Washington: Researchers have invented a new drug for treating pancreatic cancer, which also showed promising initial results.
Radiation and the chemotherapy drug gemcitabine, which are the standard treatment for pancreatic cancer, both work by causing damage to DNA. But pancreatic cancer has a way of repairing that damage, which limits how effective these therapies can be.
Rogel Cancer Center laboratory researchers, led by Meredith Morgan, PhD, found that AZD1775 prevented pancreatic cancer from protecting itself against the effects of radiation and gemcitabine, while leaving normal cells relatively unaffected.
“If we can disable the DNA damage response in pancreatic cancer cells, it might eliminate treatment resistance and sensitize cancer to the effects of both radiation and chemotherapy,” said study author Kyle Cuneo, MD, associate professor of Radiation Oncology at Michigan Medicine.
According to the study published in the journal ‘Clinical Oncology,’ the trial enrolled 34 patients with locally advanced pancreatic cancer.
Patients received AZD1775 in addition to radiation and gemcitabine. The goal of the study was to determine the maximum tolerated dose of AZD1775 in this combination. In the process, the researchers also found that this combination resulted in better than expected overall survival.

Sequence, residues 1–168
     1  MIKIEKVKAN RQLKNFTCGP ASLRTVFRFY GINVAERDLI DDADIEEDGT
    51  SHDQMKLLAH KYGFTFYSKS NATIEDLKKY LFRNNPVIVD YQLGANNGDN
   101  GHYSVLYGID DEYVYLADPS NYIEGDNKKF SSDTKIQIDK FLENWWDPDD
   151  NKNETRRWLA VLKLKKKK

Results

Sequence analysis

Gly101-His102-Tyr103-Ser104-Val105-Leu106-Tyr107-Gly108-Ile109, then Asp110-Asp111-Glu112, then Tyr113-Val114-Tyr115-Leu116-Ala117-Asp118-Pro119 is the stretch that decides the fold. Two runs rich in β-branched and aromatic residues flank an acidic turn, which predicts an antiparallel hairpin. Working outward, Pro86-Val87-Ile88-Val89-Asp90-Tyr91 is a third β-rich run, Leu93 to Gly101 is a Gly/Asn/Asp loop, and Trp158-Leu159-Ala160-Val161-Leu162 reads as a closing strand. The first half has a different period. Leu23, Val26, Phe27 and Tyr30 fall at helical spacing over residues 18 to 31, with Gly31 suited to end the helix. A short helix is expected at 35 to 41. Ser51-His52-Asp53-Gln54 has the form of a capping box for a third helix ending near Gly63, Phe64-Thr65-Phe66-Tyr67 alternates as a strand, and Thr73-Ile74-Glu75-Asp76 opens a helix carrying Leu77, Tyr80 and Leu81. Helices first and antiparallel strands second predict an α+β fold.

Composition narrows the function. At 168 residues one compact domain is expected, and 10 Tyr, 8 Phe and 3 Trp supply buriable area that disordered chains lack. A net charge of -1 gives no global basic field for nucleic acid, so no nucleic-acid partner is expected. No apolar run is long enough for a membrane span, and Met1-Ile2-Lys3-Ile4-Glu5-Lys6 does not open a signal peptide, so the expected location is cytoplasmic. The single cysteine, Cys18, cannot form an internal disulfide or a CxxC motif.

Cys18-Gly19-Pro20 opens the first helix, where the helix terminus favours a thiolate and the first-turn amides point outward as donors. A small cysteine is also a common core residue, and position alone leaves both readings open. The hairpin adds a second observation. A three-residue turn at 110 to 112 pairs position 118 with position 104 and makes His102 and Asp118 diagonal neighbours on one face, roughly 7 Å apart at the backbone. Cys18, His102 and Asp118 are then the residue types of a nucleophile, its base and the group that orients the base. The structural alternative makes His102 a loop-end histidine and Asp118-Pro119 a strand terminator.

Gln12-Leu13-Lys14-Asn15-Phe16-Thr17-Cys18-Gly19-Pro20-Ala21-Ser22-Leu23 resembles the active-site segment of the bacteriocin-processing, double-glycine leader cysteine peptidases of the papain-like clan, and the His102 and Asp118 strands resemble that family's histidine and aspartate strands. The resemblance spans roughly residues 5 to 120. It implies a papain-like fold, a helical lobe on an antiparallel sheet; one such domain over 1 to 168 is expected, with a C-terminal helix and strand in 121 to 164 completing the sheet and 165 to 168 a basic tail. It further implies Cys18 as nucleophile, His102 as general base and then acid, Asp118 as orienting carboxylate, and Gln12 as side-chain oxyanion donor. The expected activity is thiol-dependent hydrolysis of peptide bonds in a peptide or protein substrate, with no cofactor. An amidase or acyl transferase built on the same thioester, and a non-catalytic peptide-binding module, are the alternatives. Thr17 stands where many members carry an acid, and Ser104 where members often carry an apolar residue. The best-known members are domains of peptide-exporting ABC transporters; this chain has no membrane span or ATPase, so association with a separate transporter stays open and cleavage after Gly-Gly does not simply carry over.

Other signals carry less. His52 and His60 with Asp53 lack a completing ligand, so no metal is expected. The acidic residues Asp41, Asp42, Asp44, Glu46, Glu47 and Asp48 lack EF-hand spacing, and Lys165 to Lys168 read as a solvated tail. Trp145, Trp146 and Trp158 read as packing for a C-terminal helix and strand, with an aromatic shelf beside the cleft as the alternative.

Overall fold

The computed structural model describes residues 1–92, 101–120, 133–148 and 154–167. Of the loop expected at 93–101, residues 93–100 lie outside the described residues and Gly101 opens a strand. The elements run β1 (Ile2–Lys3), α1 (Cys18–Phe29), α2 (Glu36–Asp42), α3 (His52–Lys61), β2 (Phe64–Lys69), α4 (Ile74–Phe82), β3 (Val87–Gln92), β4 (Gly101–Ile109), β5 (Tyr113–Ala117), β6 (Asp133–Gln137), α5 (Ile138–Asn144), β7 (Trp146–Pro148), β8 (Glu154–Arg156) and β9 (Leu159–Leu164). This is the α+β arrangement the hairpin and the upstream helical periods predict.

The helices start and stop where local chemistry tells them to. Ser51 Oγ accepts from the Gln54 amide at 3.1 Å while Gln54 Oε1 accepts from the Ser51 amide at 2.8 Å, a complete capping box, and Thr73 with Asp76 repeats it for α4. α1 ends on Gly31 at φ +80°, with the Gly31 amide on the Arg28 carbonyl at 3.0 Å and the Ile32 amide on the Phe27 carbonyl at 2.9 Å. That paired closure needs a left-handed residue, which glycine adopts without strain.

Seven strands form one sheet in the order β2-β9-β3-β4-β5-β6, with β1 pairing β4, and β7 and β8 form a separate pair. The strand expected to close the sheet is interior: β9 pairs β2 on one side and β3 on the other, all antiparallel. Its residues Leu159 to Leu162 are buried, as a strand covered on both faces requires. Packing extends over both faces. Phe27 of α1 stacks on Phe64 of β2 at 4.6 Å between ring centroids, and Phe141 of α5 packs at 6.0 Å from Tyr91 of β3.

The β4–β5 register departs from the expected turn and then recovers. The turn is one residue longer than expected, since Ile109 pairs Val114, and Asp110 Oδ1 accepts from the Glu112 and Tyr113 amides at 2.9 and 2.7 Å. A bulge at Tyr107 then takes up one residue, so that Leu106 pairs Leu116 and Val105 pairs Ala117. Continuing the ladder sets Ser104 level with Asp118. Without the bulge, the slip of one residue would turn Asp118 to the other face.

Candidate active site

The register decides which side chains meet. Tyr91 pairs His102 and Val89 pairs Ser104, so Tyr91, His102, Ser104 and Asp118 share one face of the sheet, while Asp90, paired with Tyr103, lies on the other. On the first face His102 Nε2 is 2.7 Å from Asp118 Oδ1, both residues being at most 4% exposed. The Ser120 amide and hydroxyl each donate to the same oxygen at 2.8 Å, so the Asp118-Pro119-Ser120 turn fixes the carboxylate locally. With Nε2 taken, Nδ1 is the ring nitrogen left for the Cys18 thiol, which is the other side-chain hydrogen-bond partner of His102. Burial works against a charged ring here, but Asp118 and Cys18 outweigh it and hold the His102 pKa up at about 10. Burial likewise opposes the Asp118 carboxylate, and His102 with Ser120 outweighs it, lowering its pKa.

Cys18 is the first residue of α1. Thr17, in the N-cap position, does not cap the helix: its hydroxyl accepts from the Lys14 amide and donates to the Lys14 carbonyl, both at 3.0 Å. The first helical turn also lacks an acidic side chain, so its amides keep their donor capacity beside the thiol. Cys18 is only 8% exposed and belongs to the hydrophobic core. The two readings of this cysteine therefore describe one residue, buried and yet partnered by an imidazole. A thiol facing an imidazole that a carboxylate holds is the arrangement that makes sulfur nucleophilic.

Pancreatic cancer is particularly known for spreading to distant parts of the body, part of the reason overall five-year survival is just 9 per cent.
“If we’re ever going to cure pancreatic cancer, we’re going to need effective systemic treatment as well as local therapy. Our data suggest that AZD1775 can do both,” said senior study author Ted Lawrence, MD, PhD, Isadore Lampe Professor and chair of radiation oncology at Michigan Medicine.
The median overall survival in the study was 22 months, with no progression for a median of nine months. A previous study using gemcitabine alone in a similar group of patients found an overall survival of 12-14 months.
“Adding AZD1775 to radiation and gemcitabine was relatively well tolerated with encouraging survival results. Further studies with this promising combination are needed,” Cuneo concluded.